There’s a scene in Don DeLillo’s story “Midnight in Dostoevsky” that reflects on the current omnipresence of digital media and the relative oasis that the college classroom can be. Here we are in a laughably self-serious logic seminar, where the wizardly professor, Ilgauskas, utters one-line axioms before the small group of anxious, if intrigued, students:
“The atomic fact,” he said.
Then he elaborated for ten minutes while we listened, glanced, made notes, riffled the textbook to find refuge in print, some semblance of meaning that might be roughly equivalent to what he was saying. There were no laptops or handheld devices in class. Ilgauskas didn’t exclude them; we did, sort of, unspokenly. Some of us could barely complete a thought without touch pads or scroll buttons, but we understood that high-speed data systems did not belong here. They were an assault on the environment, which was defined by length, width, and depth, with time drawn out, computed in heartbeats. We sat and listened or sat and waited. We wrote with pens or pencils. Our notebooks had pages made of flexible sheets of paper.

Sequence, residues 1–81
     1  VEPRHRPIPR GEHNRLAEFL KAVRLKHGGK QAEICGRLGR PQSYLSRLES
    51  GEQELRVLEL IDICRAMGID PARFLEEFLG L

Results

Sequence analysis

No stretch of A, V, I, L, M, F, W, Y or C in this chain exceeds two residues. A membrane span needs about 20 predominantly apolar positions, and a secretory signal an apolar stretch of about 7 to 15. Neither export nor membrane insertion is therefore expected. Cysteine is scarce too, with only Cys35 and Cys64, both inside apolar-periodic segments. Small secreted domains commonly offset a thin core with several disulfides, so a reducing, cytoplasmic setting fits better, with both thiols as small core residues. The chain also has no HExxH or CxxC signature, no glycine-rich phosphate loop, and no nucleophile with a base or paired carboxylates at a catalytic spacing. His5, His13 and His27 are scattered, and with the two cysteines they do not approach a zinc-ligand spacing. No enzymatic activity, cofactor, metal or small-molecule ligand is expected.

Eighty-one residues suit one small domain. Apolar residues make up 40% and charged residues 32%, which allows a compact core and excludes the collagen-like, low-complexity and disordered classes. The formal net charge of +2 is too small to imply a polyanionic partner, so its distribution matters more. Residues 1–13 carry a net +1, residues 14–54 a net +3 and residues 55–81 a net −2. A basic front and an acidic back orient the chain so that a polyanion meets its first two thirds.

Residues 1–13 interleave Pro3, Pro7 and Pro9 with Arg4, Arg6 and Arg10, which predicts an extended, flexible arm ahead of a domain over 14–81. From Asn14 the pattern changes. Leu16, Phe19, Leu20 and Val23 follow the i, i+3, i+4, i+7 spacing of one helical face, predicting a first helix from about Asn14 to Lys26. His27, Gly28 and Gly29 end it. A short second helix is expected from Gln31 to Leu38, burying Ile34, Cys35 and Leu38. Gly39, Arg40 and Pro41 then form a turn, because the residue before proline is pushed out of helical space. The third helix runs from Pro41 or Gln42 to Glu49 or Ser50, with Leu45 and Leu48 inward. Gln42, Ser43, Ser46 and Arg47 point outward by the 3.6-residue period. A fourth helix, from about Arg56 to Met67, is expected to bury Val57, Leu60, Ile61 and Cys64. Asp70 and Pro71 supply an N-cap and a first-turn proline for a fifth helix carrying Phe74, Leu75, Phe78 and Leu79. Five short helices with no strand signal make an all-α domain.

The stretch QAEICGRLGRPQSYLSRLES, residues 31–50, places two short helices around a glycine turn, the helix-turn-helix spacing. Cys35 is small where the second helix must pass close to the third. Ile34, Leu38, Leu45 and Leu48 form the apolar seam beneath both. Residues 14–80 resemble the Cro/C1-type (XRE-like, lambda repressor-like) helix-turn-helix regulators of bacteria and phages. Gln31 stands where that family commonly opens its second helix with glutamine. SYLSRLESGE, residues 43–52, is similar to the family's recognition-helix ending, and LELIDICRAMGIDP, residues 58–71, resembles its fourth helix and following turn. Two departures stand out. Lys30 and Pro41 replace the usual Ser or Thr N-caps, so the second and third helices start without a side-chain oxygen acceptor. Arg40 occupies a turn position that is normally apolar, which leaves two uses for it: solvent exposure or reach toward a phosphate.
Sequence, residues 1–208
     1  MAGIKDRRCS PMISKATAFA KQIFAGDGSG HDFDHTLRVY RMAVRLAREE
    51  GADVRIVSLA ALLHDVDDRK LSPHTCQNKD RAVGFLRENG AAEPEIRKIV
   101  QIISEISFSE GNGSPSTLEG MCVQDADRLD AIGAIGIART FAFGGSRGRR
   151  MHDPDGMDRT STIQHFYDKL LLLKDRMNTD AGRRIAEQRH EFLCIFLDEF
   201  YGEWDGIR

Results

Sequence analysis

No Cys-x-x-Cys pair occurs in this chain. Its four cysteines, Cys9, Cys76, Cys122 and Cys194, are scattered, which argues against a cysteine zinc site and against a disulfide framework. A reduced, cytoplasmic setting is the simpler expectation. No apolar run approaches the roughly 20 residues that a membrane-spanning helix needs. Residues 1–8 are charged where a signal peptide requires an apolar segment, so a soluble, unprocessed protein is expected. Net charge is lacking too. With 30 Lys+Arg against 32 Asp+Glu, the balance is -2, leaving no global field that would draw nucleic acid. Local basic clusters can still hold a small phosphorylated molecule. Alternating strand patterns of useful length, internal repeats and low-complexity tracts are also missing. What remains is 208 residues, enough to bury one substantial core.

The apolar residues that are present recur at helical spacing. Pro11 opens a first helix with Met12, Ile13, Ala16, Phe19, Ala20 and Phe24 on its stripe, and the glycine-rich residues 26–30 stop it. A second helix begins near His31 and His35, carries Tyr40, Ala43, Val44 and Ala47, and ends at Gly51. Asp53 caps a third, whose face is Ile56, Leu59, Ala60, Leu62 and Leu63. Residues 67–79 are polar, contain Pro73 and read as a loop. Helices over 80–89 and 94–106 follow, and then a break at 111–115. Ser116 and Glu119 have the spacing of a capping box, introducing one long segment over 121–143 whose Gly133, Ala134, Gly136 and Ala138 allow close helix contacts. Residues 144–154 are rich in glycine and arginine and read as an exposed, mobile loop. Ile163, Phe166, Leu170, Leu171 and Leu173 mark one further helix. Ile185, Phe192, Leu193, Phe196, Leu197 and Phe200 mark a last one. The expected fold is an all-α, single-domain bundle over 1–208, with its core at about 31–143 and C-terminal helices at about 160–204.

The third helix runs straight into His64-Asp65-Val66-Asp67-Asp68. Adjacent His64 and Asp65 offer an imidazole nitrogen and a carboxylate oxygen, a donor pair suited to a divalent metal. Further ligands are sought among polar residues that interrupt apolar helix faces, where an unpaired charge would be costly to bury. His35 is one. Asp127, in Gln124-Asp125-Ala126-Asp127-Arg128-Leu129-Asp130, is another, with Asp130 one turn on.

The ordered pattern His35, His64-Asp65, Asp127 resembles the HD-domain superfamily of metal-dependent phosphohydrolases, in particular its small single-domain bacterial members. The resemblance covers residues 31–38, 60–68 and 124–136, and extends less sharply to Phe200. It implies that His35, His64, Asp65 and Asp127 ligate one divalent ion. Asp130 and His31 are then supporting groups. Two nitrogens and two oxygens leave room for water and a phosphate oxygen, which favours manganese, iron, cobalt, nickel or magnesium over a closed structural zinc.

I don’t want to wax nostalgic for an earlier era when college students dutifully shunned digital technology or didn’t have it to begin with. I do want, as my university often encourages me, to meet my students “where they are.” But sometimes the imperative to digital mediation overwhelms me and makes me wonder about the threshold of these different ways of being: analog and digital. But of course, it’s never that simple, never a clear-cut binary.